This past month has been an Alexander McCall Smith December. I just cannot seem to get enough of them. I have read other books too but I have binge read McCall Smith more.
Rita gave me a gift to be used on Amazon and I have been spending most of it on McCall Smith’s books. (Thanks Rita!) I never thought I would get addicted to these books. I have relaxed almost every rule in my rule book to read these books. For e.g.: I had a rule that if I bought books in a trilogy/quartet/series, they should all be in the same edition. I returned Half of a Yellow Sun twice because the book was a movie edition and did not ‘go’ with the other two books. Another was if a book looked old or used in any way, I would return it. But the last two McCall Smiths I got had a broken spine and one even had a British Airways ticket tucked into it. I worried about that for exactly two minutes before I opened it and started reading it.
I did not have any rules about reading books in the order they were published in the series. Each book I think once published is a single entity and while there may be connections between books, there is no compulsion to read the books in order. I read Harry Potter #3 first and then #1 and only then #2. (HP #3 is still my favourite.) After that Rowling started to write tomes and we had to go by the order since they were published quite far apart. Enough of the HP digression.
This addiction to McCall Smith is all quite surprising because I had read the first book in the series way back in 2007 and was not impressed by it. It was unlike any detective book I had read till then. I remember feeling anxious all through the book looking for familiar P.D James-like patterns. I was hugely disappointed and didn’t go near it till this year.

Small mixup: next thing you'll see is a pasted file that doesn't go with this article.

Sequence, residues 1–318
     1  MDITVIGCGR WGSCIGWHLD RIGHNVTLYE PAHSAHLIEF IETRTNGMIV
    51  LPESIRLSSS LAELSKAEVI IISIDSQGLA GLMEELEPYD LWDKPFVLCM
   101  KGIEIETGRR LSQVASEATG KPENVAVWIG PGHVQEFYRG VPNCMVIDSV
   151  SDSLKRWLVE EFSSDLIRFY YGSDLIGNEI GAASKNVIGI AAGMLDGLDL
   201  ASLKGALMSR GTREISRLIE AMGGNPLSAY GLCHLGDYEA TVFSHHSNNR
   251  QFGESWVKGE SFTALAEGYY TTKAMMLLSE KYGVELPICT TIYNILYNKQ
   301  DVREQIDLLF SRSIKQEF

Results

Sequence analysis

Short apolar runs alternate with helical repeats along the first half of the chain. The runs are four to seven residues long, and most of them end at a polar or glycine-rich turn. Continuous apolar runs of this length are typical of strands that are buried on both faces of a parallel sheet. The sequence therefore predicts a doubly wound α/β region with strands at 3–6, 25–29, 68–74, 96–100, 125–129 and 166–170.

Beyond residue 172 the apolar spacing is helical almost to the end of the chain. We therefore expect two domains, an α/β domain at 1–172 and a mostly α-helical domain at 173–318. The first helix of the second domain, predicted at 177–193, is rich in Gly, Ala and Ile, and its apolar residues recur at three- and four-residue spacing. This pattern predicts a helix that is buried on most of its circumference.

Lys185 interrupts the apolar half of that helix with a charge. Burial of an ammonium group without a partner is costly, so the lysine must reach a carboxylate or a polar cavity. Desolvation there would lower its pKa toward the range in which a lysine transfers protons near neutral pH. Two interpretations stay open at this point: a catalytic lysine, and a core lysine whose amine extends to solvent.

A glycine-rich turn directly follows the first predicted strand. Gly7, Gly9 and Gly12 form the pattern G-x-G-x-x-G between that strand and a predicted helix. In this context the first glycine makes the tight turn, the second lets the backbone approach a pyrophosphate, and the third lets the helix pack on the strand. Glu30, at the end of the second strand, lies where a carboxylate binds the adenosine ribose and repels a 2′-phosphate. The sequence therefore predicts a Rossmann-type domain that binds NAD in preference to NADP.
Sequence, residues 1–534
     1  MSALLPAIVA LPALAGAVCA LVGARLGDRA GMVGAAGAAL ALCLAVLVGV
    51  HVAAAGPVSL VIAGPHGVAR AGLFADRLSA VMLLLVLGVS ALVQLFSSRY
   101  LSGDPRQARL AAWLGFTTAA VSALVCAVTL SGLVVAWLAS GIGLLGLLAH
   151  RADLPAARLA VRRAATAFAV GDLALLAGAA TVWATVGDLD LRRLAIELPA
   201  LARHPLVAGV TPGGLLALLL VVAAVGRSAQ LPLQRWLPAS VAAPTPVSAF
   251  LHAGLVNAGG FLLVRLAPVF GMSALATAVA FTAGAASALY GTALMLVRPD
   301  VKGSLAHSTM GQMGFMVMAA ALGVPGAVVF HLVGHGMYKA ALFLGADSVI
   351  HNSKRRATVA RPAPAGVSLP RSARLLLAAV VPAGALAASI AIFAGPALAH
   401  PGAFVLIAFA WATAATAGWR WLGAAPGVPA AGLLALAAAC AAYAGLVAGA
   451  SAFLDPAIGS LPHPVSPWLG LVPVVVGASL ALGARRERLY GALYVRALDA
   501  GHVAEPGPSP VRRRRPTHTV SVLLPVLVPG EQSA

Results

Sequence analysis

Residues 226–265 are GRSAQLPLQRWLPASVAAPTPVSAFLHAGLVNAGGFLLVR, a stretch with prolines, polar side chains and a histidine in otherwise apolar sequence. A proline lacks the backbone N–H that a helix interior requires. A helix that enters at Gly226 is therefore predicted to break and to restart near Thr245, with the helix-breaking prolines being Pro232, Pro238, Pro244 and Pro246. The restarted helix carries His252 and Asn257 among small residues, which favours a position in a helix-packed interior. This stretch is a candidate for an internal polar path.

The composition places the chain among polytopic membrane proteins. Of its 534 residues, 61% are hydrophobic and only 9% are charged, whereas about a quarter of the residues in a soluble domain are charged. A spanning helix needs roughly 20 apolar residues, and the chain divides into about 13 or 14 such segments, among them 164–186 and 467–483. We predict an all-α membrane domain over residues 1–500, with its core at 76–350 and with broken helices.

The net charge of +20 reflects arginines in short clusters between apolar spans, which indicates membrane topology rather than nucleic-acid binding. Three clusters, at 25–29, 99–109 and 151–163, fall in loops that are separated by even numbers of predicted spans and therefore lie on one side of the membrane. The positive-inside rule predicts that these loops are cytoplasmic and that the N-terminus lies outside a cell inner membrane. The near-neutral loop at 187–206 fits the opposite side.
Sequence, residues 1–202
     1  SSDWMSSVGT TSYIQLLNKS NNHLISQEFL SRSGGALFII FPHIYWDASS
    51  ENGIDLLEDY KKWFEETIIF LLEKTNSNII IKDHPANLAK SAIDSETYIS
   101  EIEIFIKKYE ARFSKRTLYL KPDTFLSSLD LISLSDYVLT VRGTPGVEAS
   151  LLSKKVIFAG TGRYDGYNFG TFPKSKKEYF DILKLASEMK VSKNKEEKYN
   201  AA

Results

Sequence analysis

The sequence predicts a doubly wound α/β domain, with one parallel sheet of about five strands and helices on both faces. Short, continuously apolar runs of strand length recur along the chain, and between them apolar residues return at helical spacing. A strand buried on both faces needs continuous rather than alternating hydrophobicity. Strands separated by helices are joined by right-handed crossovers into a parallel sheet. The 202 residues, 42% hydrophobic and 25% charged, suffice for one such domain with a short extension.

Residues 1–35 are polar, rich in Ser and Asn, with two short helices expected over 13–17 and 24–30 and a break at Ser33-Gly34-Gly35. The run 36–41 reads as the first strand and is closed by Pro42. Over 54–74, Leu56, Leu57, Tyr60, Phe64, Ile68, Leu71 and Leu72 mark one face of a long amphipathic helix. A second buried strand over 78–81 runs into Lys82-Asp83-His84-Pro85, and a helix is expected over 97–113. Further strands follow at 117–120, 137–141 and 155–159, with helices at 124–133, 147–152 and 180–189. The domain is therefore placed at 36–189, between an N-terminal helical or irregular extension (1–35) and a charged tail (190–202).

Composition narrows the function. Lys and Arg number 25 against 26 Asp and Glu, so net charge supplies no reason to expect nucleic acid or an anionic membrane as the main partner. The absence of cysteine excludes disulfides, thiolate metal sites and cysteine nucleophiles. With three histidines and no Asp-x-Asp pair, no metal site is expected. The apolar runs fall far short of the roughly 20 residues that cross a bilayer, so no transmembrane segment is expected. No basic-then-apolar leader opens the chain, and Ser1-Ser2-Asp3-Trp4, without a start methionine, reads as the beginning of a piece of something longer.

While I didn’t find the No.1 Ladies’ Detective Agency (book #1) that exciting to continue, I keep following the titles that were released year on year. They had such delightful names: ‘The Kalahari Typing School for Men’, ‘Tea Time for the Traditionally Built’, ‘The Saturday Big Tent Wedding Party.’ It was of course part McCall Smith himself since I have read this ‘44 Scotland Street’ series and they had all names that stood out as well (E.g.: ‘The Unbearable Lightness of Scones’, ‘The Importance of Being Seven.’) However, I think partly – a big part – was Africa as well – the African twist to the English language – and McCall Smith’s tapping into it. Just like Indian writers use the Indian English language. (The other day I came across ‘Shri Ruby Saloon Gents Beauty Parlour’ and I had to smile.)
The second thing that happened was that I was reading a lot of African literature or books set in Africa since last year from serious books to YA books set in Africa. I was just drawn to them. I saw films set in Africa too: Africa United (2010) about a bunch of underprivileged kids travelling to attend the Football World Cup in South Africa; and The Constant Gardner (2005) which was technically a spy thriller set in Africa; and a few I don’t remember since I forgot to note them down. You could say I was in an Africa frame of mind.
So when I finished reading Chigozie Obioma’s The Fishermen, I had to read another book connected to Africa. However, it was during the Chennai Floods, and while I had a lot of unread books, I didn’t have too many Africa-themed books. While watching gray gloomy days turn into rain-stuffy nights, I felt so restless and helpless that I started reading ‘Tea Time for the Traditionally Built’ (#10), a book I had picked up idly from the library. I was hooked.